OSM Director Walter Heine said in Washington that forage grasses are fine if the land is to be used for grazing later, and if field trials have shown that the introduced plant won't run amok and strangle other plants.

"It's a lot cheaper and easier to get fescue and alfalfa," he said. "Just throw it in the ground and it'll grow. But it can also keep the normal native species from revegetating."

OSM is still applying the native species rule unrealistically, Crofts said. "They often require us to restore [the land] to a useless condition," he complained.

"The inspectors come out here and can't tell topsoil from subsoil. They don't know a dragline from a grader. It's all theory to them," If Energy Fuels does better than most mines in reclamation, he said, it is probably because the firm is privately, locally owned and not a minor subsidiary of a distant giant oil company.

"Decisions get made right here and there's a lot of local pride," Crofts said. The firm's size allows economies of scale -- like the reclamation team -- that the more common smaller mines like Meadows couldn't afford, he added. Energy Fuels was even doing some tentative reclamation work of its own before the laws made it mandatory.

Sun Coal, by contrast, is a subsidiary of the A. T. Massey Coal Co. of Richmond, Va., the coal arm of St. Joe Minerals Corp. of New York. Meadows is the conglomerate's first western mine, Ellison said. He described the attitude of his distant bosses as "all right. The fact they'd hire me is an indication." But Ellison has a history degree with graduate work in public administration, not reclamation. He loads coal occasionally for customers in pickup trucks in addition to overseeing mine operations -- his several hats typical of the way small mines operate.

The two mines and their troubles with the law do not impress Carolyn Johnson of the Public Lands Institute, a Denver-based environmental protection group that is well respected within OSM. She said surface mining laws should be stiffened to involve more public participation and to prohibit any coal land leasing to firms whose existing mines are not fully in compliance with the law.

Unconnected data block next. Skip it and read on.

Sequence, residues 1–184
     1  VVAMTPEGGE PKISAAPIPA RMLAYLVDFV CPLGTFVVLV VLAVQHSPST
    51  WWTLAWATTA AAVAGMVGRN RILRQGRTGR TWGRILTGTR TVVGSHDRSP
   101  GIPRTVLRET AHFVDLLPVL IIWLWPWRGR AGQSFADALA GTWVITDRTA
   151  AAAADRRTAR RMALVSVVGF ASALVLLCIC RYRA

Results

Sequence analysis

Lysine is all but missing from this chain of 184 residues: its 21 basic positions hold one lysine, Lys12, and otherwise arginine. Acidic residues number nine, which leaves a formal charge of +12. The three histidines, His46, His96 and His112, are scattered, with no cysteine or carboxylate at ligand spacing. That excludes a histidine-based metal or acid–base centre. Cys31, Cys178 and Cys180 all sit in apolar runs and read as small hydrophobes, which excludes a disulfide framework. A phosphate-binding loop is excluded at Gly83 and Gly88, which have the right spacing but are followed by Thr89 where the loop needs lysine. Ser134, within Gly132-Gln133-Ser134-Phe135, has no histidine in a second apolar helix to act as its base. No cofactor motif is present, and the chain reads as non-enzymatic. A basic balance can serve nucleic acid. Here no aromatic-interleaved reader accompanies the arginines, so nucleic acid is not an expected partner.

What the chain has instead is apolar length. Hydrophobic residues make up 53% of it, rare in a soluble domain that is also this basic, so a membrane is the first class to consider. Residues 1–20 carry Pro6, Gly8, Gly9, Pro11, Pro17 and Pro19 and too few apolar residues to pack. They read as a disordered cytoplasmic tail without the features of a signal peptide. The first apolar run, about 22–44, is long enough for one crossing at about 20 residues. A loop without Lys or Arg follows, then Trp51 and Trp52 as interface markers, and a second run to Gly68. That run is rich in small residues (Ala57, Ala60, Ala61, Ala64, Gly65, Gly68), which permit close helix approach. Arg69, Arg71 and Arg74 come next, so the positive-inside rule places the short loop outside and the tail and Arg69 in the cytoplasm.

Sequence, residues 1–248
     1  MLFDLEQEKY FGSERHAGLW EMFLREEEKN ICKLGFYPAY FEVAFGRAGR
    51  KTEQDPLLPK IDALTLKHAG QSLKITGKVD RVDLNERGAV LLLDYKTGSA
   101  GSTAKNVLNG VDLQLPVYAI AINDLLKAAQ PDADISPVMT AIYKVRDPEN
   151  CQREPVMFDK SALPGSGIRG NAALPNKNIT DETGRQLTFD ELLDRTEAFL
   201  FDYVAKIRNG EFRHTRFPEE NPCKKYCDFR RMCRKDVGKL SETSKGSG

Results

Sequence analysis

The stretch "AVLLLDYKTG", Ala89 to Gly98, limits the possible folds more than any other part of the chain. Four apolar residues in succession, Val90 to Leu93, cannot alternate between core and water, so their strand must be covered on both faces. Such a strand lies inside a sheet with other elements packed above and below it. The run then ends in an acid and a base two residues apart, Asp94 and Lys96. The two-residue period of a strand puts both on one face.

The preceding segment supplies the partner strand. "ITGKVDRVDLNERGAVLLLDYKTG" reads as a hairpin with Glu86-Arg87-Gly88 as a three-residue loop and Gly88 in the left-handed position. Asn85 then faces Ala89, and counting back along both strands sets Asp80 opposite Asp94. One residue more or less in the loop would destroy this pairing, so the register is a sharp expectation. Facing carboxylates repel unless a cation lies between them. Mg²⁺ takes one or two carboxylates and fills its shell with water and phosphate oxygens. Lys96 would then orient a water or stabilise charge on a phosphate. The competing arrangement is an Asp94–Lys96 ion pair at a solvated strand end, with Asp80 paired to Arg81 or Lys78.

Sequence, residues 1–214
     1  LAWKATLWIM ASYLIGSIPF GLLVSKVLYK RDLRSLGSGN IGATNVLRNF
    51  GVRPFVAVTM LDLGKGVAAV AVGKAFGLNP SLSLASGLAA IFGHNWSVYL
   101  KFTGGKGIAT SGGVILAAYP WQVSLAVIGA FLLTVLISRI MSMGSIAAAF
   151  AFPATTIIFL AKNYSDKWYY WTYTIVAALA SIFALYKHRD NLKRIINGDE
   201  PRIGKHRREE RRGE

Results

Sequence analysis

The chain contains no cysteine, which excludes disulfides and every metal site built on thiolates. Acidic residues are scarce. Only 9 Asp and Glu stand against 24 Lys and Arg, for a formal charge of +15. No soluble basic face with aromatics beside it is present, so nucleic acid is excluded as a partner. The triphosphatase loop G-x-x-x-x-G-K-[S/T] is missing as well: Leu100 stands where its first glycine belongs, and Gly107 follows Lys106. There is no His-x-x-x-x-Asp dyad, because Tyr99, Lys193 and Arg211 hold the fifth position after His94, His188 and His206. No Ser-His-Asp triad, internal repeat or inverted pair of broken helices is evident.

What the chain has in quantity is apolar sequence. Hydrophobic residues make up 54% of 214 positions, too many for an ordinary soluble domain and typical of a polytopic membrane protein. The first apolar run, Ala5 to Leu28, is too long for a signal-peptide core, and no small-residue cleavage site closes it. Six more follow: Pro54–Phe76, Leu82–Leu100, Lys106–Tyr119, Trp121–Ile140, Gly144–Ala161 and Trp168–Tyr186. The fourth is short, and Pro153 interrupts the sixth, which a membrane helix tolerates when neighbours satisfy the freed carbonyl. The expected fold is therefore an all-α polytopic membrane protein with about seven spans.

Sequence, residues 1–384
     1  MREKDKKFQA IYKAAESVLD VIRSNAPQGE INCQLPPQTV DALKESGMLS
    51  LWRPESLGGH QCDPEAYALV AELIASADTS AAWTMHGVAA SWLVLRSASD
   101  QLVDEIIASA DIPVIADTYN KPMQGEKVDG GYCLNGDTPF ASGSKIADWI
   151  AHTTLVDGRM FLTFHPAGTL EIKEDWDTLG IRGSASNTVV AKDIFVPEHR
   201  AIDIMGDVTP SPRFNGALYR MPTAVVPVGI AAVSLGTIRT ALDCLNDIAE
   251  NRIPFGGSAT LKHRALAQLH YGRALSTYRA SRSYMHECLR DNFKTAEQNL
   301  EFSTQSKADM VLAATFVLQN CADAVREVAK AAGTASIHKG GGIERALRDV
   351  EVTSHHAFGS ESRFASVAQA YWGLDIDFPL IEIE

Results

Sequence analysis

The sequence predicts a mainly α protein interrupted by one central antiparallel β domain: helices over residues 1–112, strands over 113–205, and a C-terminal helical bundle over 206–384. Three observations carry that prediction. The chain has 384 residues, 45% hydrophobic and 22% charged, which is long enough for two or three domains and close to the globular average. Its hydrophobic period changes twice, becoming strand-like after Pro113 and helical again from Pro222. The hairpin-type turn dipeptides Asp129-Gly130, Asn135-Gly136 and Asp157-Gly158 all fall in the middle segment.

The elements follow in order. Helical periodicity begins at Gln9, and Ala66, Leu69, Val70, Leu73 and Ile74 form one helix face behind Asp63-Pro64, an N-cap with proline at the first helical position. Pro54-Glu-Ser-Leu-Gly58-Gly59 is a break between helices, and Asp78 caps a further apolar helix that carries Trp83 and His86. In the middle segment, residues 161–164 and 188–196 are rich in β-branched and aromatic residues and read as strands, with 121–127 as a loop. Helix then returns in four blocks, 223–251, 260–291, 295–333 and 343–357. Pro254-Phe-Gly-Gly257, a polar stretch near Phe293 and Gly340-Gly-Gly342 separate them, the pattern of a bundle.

Like most environmentalists, Johnson is not convinced that the so-called energy crisis is severe enough to justify any relaxation in pollution or erosion control measures.

Enforcement should be mandatory, she said: A survey of one year's documents found that only 60 percent of Colorado's violations written up in OSM inspectors' reports ever were formally cited for fines. State citations were 2 percent of violations in her study.

OSM officials challenged the finding, saying many apparent violations were really judgment calls.The Interior Department, however, agreed in April to strengthen its enforcement program following a Washington environmentalists' lawsuit. Tom Ehmett, OSM's acting division enforcement director in Denver, said that most western mines, including those in Colorado, were busy complying with the regulations despite their grumbling, in contrast to the violence that has occurred during some enforcement efforts in Tennessee and Kentucky.

There has been some bureaucratic blockheadedness, Heine admitted, especially about the sedimentation pond rules. Enforcement of those has been suspended while more realistic regulations are worked out, he said. But he defended his inspectors as the products of extensive training and field experience. "I'd put them up against just about anybody and certainly against the mine operators," he said.

The law itself, he added, remains "an intelligent one, doing exactly what Congress intended," despite mine owners' criticisms. Its need is demonstrated by the countless abandoned mines whose moonscape devastation bears witness, he said, to unregulated miners' disinterest in the environment.

The agency collects a fee from each coal mining operation on a per-ton basis for state and federal reclamation funding on such abandoned sites, and OSM will spend $75 million next year on 170 projects.

As in the East, Ehmett said, his main enforcement headaches here involve the small mines. "One guy cried about his problems and shut down before we ever got out there, and when we did there wasn't really much he would have needed to do," Ehmett said. "Things are going about as well as can be expected."